It’s travel season. Maybe you’re going to Europe. Maybe you’d like to bring home some of that stinky raw-milk Brie. But can you? Do you have to bury it in your suitcase and “forget” to declare it? I get asked this a lot. People think they can’t enter the U.S. with raw-milk cheese, or that a wedge has to be vacuum-sealed to pass muster.
Which of the European cheeses pictured above would you have to surrender at the U.S. border? Let’s stop speculating about what’s permissible and ask Customs and Border Patrol.
Here’s the link to bookmark. Alternatively, print out the page and have it with you when you re-enter the U.S. Because, as you may have experienced, it doesn’t matter what you think if you encounter a Customs agent who thinks otherwise. When they’re unsure, they say no. Having the rules at your fingertips will help.
As you can see, most cheeses are permissible if they’re for your personal consumption.
Cheeses containing meat. I can’t think of one, but if there is one, it’s not welcome here. (No big loss.)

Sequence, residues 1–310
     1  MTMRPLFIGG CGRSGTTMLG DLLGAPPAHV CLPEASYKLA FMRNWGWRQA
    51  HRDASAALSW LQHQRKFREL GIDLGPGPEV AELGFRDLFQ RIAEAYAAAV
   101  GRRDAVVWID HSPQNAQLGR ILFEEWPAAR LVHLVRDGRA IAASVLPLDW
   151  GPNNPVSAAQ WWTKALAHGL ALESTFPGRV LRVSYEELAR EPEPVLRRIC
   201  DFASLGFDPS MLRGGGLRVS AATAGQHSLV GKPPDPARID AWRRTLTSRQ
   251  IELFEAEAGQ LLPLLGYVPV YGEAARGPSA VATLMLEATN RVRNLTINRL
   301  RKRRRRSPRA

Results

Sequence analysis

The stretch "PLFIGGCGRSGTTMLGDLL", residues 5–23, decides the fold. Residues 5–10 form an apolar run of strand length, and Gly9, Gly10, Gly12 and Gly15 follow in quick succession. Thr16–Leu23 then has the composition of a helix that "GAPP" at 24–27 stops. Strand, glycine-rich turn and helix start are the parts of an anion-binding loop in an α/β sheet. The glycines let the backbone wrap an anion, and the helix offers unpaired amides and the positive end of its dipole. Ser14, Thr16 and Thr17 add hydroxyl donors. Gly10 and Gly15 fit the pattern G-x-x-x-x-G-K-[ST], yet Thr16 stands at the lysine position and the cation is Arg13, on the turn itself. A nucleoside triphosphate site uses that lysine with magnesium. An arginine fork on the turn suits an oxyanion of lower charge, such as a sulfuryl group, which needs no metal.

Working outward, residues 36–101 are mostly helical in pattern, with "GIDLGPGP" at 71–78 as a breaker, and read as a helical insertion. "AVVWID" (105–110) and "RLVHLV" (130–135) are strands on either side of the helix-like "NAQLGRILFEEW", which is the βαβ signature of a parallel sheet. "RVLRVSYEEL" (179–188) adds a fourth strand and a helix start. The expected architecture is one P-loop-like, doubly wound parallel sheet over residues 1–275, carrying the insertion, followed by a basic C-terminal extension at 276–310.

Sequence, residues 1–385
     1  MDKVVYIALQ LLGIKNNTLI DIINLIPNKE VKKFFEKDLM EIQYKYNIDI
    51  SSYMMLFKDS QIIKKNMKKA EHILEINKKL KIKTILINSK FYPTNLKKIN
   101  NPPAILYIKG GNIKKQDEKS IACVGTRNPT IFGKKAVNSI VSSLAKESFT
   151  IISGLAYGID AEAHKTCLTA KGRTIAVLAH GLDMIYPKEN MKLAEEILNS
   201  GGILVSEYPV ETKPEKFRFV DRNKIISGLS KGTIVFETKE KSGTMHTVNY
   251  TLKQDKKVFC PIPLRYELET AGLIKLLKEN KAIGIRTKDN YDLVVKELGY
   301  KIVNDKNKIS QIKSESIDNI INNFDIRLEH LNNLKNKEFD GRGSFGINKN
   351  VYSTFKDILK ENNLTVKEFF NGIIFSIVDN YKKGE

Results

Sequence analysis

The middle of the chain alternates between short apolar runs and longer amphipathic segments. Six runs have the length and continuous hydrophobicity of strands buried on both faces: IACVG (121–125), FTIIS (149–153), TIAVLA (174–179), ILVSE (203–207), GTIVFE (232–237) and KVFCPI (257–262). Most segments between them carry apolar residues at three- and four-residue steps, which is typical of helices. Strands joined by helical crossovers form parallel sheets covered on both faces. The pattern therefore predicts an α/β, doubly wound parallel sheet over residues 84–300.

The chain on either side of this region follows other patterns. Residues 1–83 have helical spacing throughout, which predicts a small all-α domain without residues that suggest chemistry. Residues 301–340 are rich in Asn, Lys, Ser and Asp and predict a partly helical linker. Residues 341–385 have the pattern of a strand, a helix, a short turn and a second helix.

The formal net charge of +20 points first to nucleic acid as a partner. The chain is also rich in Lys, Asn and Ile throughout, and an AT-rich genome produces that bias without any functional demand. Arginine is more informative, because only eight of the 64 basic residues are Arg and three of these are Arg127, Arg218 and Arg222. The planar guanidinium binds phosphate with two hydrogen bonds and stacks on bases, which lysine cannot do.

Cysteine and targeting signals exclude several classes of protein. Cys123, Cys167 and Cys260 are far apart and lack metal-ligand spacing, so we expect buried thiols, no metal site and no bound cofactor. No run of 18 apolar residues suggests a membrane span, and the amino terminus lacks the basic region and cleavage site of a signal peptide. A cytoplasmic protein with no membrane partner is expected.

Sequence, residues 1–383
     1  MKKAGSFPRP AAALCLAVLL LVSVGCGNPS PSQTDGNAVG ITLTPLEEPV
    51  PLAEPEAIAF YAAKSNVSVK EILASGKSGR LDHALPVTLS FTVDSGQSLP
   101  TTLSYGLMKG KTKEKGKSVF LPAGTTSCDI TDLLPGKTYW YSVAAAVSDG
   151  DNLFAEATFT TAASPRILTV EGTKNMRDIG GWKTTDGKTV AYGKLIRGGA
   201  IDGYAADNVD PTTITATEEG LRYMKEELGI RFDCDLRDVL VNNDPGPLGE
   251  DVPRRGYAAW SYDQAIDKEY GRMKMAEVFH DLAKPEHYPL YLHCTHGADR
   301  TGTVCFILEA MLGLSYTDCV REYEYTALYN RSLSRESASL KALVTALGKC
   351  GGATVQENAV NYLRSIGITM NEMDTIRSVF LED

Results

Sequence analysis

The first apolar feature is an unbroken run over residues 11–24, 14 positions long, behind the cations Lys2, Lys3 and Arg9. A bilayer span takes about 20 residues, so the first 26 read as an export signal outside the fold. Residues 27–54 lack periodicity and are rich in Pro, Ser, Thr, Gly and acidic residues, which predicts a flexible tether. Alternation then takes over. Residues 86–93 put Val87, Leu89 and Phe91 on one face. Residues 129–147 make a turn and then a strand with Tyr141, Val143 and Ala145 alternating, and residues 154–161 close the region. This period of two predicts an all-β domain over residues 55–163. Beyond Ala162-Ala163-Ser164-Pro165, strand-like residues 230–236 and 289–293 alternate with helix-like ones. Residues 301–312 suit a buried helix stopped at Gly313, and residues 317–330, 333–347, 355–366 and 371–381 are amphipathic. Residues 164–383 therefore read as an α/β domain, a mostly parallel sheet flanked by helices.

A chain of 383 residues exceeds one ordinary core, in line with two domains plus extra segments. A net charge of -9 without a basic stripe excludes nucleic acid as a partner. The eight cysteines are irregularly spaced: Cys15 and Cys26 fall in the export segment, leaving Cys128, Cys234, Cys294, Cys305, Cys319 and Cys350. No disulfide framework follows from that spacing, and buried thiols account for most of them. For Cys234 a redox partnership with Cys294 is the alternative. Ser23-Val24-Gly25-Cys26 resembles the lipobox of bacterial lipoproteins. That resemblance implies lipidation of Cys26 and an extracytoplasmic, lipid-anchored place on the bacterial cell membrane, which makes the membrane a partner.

Cottage cheese, ricotta or a “cheese that pours like heavy cream” (no clue what that is) would also get the boot unless it comes from a country free of Foot-and-Mouth Disease. Fortunately, all of Europe’s cheese-producing countries are FMD free. You might want to have this link accessible, too.
As for vacuum-packaging, that’s up to you. “How the cheese is packaged has no influence on how CBP regulates entry,” CBP public affairs specialist Steven Bansbach assured me by e-mail.
Just to be confident your raw-milk Brie de Meaux will make it home, I asked Bansbach this question:
“Is a cheese permitted entry if it’s solid (not pourable), made with unpasteurized milk and from a non-FMD-infected country?”
He replied, “You should have no problem. Please remember to declare it when you arrive so you don’t have any hiccups.”
In principle, all three cheeses pictured above should sail through if you declare them. Of course, “should” is the scary word. It’s no fun to do battle with Border Patrol after a long flight, even when you know you’re right. And remember that cheese will suffer if it gets warm on the journey home. If you can’t reliably keep it cool or cold, better to leave it behind and savor the memory.